Thinking Aliyah? Talking Tough to Potential Olim

Thinking Aliyah? Talking Tough to Potential Olim

A woman writes that she is planning on moving to Israel with her husband. In advance of that move, her husband came to Israel and tried to open a bank account. This is something easily done in Israel – a few minutes in the bank, stamp, sign, photocopy your ID, and you’re good to go…unless you don’t live in Israel. About a year ago, the government aligned itself with American and other first world countries to work against money laundering and other abuses that lead to human trafficking, organized crime, terrorism, etc.

The precautions may mean that honest citizens spend a few more minutes and a bit of frustration when dealing with banks, but the benefit to the innocents of the world is huge. I can understand this woman’s frustration up to a certain point…and at that point, once reached, I lost all patience and decided to write her a truth that I think neither she nor her husband are willing to discuss. It was the last line of her post “I prefer Brooklyn any day” that got to me, that annoyed me, that got me to thinking that once and for all, it’s time to admit the sad truth. Israel isn’t for every Jew. I surrender. I’ve had people tell me this before but I kept thinking, kept hoping. Finally, I see.

As you can see from her note, she was annoyed and frustrated that her husband had to go to five banks before he succeeded in finding one willing or able to figure out a way around recent legislation intended to minimize foreign agents from using Israeli banks for money laundering. After reading her post, this is how I responded (below). And after I did, I thought – this isn’t just for her. It is for many people, Jews around the world. Israel is here waiting for you. We want you to come. We desperately want you to come home because this is home. But until you see that, don’t come. Do you prefer life where you are? Is Brooklyn really where you are meant to be?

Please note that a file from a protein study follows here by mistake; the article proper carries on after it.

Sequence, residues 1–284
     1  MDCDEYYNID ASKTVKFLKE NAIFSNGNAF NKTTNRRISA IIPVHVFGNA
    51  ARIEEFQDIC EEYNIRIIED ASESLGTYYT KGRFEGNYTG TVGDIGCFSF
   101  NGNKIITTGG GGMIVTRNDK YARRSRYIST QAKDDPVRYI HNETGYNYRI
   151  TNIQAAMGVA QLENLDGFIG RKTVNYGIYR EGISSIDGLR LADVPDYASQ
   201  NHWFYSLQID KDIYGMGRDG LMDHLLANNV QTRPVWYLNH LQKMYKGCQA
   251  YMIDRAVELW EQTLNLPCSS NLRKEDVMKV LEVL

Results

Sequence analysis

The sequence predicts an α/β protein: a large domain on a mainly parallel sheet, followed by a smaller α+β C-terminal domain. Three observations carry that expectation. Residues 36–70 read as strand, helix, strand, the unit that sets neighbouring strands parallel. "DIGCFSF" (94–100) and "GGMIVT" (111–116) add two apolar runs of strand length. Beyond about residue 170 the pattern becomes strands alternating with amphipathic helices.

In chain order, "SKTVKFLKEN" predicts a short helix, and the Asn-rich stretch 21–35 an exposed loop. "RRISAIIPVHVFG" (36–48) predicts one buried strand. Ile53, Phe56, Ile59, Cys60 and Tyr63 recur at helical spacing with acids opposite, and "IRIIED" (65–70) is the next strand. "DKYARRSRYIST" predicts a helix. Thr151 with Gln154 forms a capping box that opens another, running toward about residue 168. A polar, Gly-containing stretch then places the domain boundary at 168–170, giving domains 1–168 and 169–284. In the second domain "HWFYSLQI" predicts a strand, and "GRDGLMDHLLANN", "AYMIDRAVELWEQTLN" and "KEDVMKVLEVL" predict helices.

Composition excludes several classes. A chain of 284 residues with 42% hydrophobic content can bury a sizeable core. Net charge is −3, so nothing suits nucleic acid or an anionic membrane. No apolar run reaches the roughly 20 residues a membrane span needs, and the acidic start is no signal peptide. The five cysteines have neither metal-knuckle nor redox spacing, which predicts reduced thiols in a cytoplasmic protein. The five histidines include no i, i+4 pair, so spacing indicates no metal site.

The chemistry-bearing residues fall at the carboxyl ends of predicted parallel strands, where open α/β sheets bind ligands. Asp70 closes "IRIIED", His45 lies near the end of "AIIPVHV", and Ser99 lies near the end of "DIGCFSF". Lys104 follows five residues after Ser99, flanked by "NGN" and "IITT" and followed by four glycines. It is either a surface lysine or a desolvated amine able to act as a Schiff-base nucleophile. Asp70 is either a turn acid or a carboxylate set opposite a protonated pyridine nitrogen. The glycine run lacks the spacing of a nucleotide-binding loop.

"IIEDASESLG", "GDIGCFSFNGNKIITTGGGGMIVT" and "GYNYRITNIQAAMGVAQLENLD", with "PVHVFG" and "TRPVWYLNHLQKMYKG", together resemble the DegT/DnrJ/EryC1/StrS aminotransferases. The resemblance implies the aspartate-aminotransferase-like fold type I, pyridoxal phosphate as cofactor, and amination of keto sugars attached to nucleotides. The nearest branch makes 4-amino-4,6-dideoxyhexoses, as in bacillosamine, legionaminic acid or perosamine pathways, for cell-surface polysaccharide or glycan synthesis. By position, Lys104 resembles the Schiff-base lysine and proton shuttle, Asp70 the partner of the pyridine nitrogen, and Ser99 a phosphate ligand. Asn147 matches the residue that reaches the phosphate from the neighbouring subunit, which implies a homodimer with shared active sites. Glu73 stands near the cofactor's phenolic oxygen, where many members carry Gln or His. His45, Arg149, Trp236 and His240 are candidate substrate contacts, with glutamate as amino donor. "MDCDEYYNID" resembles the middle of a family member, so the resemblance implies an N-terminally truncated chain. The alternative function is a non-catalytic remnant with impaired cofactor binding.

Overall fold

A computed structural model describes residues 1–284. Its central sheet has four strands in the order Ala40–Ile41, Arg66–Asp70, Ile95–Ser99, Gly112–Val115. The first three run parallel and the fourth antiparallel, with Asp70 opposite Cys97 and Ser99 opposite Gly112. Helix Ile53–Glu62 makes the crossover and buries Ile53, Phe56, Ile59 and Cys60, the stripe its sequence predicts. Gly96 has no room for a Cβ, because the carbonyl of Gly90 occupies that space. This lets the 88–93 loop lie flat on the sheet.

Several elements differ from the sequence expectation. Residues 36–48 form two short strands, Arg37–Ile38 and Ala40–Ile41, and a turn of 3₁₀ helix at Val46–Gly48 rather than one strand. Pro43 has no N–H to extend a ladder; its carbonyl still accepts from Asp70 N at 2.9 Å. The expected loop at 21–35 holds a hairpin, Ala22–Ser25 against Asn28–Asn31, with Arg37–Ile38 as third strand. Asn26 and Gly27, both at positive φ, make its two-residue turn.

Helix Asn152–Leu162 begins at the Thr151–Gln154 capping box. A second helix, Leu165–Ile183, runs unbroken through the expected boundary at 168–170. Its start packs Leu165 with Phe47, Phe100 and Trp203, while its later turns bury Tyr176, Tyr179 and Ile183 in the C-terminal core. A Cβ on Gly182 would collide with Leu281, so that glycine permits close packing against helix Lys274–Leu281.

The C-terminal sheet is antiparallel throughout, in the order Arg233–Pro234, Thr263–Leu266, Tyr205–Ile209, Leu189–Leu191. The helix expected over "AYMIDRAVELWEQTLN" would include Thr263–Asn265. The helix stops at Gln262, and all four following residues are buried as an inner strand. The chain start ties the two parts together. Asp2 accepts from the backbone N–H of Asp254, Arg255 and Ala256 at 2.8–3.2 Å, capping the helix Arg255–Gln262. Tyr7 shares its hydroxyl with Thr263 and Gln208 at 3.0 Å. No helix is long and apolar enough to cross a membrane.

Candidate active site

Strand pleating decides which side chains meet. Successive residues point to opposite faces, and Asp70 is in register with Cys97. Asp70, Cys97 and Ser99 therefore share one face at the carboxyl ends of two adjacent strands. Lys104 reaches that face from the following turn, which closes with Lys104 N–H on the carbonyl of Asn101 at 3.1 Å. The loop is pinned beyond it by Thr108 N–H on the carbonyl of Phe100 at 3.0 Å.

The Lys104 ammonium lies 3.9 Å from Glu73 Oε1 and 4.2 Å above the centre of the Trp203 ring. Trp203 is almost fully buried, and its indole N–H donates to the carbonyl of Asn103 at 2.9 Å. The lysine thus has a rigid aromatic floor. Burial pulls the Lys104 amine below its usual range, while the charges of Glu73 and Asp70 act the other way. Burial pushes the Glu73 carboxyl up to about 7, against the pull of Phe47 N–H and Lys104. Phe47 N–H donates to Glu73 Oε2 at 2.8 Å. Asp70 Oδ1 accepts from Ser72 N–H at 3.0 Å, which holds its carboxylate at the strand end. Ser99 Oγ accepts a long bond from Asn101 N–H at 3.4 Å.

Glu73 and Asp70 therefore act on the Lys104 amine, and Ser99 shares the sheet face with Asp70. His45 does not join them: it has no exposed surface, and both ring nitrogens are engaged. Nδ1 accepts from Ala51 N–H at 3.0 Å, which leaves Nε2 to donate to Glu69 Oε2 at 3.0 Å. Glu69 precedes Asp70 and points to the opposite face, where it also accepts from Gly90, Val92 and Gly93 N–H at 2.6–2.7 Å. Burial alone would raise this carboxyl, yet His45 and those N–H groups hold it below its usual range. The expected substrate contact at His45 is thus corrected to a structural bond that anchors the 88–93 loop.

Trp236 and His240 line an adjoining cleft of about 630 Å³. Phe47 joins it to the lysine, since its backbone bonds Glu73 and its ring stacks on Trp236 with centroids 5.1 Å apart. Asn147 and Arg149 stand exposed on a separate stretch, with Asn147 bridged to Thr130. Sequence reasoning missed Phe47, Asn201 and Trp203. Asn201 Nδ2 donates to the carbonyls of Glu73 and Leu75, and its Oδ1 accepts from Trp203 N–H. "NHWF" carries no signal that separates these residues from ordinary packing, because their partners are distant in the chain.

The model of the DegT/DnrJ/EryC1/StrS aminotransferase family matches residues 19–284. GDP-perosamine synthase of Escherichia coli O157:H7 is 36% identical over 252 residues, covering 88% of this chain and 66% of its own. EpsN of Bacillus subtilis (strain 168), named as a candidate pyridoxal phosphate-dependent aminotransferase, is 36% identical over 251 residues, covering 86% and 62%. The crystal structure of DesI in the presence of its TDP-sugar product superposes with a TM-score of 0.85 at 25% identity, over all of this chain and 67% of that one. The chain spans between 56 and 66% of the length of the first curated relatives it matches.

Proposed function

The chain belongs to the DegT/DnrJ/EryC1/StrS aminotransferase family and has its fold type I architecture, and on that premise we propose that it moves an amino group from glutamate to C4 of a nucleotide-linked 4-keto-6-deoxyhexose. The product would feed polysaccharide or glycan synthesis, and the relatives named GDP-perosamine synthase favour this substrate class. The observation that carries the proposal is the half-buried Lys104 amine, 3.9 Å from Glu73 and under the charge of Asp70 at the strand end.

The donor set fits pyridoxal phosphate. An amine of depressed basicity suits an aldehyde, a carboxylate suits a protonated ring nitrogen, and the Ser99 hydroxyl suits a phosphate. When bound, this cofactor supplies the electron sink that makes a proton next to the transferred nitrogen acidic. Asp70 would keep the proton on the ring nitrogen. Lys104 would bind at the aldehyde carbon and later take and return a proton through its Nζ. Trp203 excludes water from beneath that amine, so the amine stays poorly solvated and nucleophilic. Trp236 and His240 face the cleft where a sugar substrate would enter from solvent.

A note to Jews in the diaspora…

 If it is that easy to dissuade you from coming, I’m worried about how you’ll survive here. I mean that in a gentle way. Rather than criticize, why don’t you ask why the banks are so careful…it’s called money laundering and international attempts at hiding funds for horrible purposes – like human trafficking.

The MINUTE you are in Israel and an Israeli citizen, opening an account in any bank is a 10 minute process. I tried to open a bank account in the US online – never succeeded.

But the issue here really isn’t the banking system – at least that’s my feeling. I have to tell you that aliyah is not easy and an attitude which includes “I prefer Brooklyn any day” is a recipe for failure.

I’ll tell you one more thing that I read recently. I probably won’t do this justice but let me try.

A great Rav once used this story and then explained the reason why. The story – a very wealthy man moved into a small village and learned about who was the most beautiful, desired young woman. He then went to her parents, seeking a match. The parents told the daughter and she said she wasn’t really interested. The parents insisted. A day was set for him to come meet her. The parents left him sitting in the living room and called for the daughter.

She came in with her hair wrapped in a towel, old clothes, etc. – a little while later, the wealthy man left and went around telling people how very plain she was and how he much preferred Brooklyn…I mean someone else….

The Rav then said that Israel is like that young woman – it doesn’t always choose to show its beauty to everyone.

I live in the most beautiful, wonderful, kind country in the world. My children were raised here and I am in awe of them…every day. They are kind people; helpful people, caring people.

If you’re going to let bank bureaucracy convince you that you prefer Brooklyn than I guess sadly, Israel has chosen not to show you (or you refuse to see) the great beauty that is here.

And one thing your husband should have realized after the first or second bank is that there are laws in Israel and they are very strict when it comes to foreigners opening accounts here. I’m working with an international company that wants to open an account here and they were told…by the lawyers…that it will take a while.